Former postmistress demands apology from Post Office over quashed conviction

A former sub-postmistress from Sunderland has called on the Post Office to apologise after her conviction for false accounting was quashed on Monday at the High Court.

Pauline Stonehouses joins more than 70 former postmasters and mistresses to have their convictions overturned, after it emerged the Post Office's Horizon IT system was faulty.

She said the conviction ruined every aspect of her life, left her homeless and bankrupt and nearly cost her marriage.

She told ITV News Tyne Tees: "I need an apology for that, because they could have ruined everything. We’ve been married 27 years this year and they could have ruined everything and destroyed my family and for nothing.

"Their answer to that was that they had to prosecute me because they want to set an example to prevent others from doing the same, but then to find out then now since, that I wasn’t the first person to do it, so they weren’t setting an example, were they? They were just being vindictive and they were just prosecuting me because they can."

Credit: PA

Upon the quashing of her conviction, she said: "It's a massive, massive relief. It had been hanging over my head for all that time. I never thought I’d get to the point of clearing my name. It was never in the cards. I had to accept the fact that that is what it was and, you know, it clears off to a certain point, but it prevents you going to other jobs."

Accused of false accounting in 2008, it appeared £15,000 was unaccounted for at the Sunderland Post Office branch she ran with her husband.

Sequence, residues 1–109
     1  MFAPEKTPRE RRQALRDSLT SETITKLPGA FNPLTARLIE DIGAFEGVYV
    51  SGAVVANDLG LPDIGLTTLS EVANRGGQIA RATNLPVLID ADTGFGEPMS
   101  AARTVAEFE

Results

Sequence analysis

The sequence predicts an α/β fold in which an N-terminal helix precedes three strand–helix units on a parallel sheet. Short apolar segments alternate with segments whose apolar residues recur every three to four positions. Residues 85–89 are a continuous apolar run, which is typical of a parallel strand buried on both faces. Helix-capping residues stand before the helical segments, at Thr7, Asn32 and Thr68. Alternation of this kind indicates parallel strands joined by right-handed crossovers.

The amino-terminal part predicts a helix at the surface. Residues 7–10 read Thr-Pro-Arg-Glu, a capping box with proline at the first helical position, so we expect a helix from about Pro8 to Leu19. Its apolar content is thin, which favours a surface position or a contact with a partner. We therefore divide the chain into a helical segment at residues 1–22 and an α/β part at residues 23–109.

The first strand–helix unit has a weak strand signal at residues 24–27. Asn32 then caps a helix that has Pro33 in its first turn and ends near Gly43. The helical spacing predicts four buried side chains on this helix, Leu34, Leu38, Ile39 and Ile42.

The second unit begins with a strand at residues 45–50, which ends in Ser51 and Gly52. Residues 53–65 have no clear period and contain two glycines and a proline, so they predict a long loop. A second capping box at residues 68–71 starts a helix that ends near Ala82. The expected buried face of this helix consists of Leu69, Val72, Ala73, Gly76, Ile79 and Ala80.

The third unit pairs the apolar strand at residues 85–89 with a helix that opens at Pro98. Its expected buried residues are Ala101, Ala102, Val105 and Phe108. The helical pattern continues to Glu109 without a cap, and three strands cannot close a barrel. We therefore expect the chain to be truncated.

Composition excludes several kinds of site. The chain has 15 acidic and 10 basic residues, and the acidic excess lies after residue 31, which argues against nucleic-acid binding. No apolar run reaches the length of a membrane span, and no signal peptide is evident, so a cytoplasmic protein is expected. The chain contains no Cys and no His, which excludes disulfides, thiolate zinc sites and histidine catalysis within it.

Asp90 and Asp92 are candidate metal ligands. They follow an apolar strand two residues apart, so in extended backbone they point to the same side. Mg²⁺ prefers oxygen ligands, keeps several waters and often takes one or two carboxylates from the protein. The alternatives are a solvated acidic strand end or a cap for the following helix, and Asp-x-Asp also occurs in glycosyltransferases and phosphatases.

She explained how, over several weeks, there were discrepancies in the accounts and she had to dip into her own pocket to make up for it.

She said "When the losses started happening, it comes to the end of the four week period and you’ve got to put any shortages in, it comes out of my pocket as the postmaster. There was money coming out of my wages, and then it happened again, there’s more money coming out of my wages.

"So they were taking X amount out and eventually I couldn’t do it no more, I couldn’t physically take anymore out of my wages, because it was leaving me with, you know, next to nothing to survive. So, I had no choice basically, but to false account, hoping that it would correct itself."

Little did she know at the time, the Horizon IT system used by the Post Office from 2000 was actually faulty and this was why the accounts were not adding up.

She added: "I got so stressed out with it, so, so stressed. I wasn’t sleeping and I was angry. I was frustrated and I basically admitted what I’d been doing and I said 'look I can’t do anymore and I’m not getting the help from here and I can’t keep on with the guilt of making these corrections that were wrong, so showing the shortfalls, you need to help me', and her reaction to that was 'well you’re suspended immediately'."

Lawyers representing former postmasters and mistresses have told ITV News there are still 2,000 people waiting for any form of compensation over the scandal and next year we will hear the findings of a judge led statutory Inquiry into the matter, which has the powers to summon witnesses to give evidence.

Following the quashing of seven convictions this week, the Post Office said it is "extremely sorry for historical failures and the impact on the lives of people affected". 

It said it's "introduced wholesale reforms to prevent it happening again" and on compensation, it said it is "expediting offers of interim payments of up to £100,000 to people whose convictions have been overturned, where reliability of Horizon data was essential to the prosecution".